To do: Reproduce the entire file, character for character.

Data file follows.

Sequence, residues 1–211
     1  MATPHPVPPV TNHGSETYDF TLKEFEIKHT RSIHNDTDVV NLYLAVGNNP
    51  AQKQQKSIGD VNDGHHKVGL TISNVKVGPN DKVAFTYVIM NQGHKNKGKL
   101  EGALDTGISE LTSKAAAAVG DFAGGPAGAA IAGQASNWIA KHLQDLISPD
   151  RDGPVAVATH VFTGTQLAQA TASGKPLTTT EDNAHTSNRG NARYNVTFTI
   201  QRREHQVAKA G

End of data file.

Sequence, residues 1–211
     1  MATPHPVPPV TNHGSETYDF TLKEFEIKHT RSIHNDTDVV NLYLAVGNNP
    51  AQKQQKSIGD VNDGHHKVGL TISNVKVGPN DKVAFTYVIM NQGHKNKGKL
   101  EGALDTGISE LTSKAAAAVG DFAGGPAGAA IAGQASNWIA KHLQDLISPD
   151  RDGPVAVATH VFTGTQLAQA TASGKPLTTT EDNAHTSNRG NARYNVTFTI
   201  QRREHQVAKA G